And this leads him to conclusions which, while obvious from his erroneous numbers, defy both our reason and the experience of our fellow human beings. He concludes, remarkably, that the COVID-19 virus has not been that bad even in Italy and Spain, where it decimated the healthcare infrastructure and killed tens of thousands. He concludes that the difference between Norway’s 200 deaths and Swedens’ 2000 deaths is statistically negligible, and therefore social (physical) distancing measures don’t actually matter. He does this because, again, he’s invented a sufficiently high denominator for his “prevalence” that literally any number of deaths is going to seem “insignificant,” at least statistically.

  • Sweden’s Population: 10.2 million.
    • Deaths in Sweden (without mitigation strategies): 1,765
  • Norway’s Population: 5.4 million.
    • Deaths in Norway (with mitigation strategies): 182

14:30 Dr. Erickson: “1,700 (deaths), 100 (deaths); these are statistically insignificant.”

I want you to stop and say that out loud a few times. Go ahead.

These lost lives are not insignificant; statistically or otherwise.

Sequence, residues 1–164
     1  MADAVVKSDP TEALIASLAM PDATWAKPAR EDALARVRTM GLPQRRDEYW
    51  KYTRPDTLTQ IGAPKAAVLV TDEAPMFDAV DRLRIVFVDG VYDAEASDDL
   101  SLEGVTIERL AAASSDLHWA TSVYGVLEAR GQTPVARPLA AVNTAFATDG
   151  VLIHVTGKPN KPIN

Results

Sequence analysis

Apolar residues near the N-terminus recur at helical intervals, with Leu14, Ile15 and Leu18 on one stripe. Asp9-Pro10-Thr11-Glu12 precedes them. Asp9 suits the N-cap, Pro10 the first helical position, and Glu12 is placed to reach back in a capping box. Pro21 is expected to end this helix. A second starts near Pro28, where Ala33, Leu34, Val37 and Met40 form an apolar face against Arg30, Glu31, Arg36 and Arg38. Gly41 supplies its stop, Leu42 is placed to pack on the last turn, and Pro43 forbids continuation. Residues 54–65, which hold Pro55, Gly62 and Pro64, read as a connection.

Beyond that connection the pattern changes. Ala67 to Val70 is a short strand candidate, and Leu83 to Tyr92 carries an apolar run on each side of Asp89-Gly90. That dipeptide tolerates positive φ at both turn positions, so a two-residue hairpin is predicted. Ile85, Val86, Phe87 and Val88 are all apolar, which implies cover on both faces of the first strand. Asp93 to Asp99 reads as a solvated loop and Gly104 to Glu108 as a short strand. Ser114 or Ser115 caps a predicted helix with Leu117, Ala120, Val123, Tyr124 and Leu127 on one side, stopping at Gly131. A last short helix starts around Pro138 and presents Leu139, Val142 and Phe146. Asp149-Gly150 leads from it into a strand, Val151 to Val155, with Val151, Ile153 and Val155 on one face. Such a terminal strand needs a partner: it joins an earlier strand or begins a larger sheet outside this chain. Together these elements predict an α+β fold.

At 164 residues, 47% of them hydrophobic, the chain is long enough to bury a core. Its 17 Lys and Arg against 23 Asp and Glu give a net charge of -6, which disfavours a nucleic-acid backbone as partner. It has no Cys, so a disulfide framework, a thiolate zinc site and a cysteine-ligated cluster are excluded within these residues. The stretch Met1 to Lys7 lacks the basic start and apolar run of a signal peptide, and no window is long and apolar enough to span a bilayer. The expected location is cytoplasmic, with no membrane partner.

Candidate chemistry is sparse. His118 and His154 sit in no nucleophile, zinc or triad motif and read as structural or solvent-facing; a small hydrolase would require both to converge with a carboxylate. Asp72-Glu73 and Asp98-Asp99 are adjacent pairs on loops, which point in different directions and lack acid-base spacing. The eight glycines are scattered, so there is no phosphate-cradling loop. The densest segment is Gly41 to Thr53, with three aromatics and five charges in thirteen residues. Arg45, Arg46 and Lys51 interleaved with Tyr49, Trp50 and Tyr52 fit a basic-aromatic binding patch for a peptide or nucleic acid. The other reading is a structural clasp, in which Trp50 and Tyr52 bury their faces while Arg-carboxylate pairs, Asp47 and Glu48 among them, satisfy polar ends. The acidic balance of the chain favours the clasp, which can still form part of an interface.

One more thing I remember specifically, because it was so shocking to me at the time. He goes on to talk about the way that the mortality data is being ‘manipulated’, even saying that a deceased patient with COPD (Chronic Obstructive Pulmonary Disease) who contracted COVID-19 has not actually died of COVID-19, but from 25 years of smoking… As though the medical vulnerabilities that predispose a patient to becoming a victim of this horrible virus and the pathology caused by the virus itself are mutually exclusive. As though tens of thousands of COPD patients who have been smoking for decades were suddenly going to go into respiratory distress in April 2020, apart form any exacerbating factors, and their happening to have the virus that is also killing people with heart disease, diabetes, compromised immune systems, and even the young and healthy is just some weird coincidence.